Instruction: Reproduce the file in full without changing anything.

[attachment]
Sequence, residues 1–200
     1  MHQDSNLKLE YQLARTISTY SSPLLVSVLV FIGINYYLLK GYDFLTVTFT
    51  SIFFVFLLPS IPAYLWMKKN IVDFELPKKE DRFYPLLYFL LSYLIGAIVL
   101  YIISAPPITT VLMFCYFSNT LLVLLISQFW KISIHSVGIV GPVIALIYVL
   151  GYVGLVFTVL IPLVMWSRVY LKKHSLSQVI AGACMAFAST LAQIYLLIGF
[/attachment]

Sequence, residues 1–200
     1  MHQDSNLKLE YQLARTISTY SSPLLVSVLV FIGINYYLLK GYDFLTVTFT
    51  SIFFVFLLPS IPAYLWMKKN IVDFELPKKE DRFYPLLYFL LSYLIGAIVL
   101  YIISAPPITT VLMFCYFSNT LLVLLISQFW KISIHSVGIV GPVIALIYVL
   151  GYVGLVFTVL IPLVMWSRVY LKKHSLSQVI AGACMAFAST LAQIYLLIGF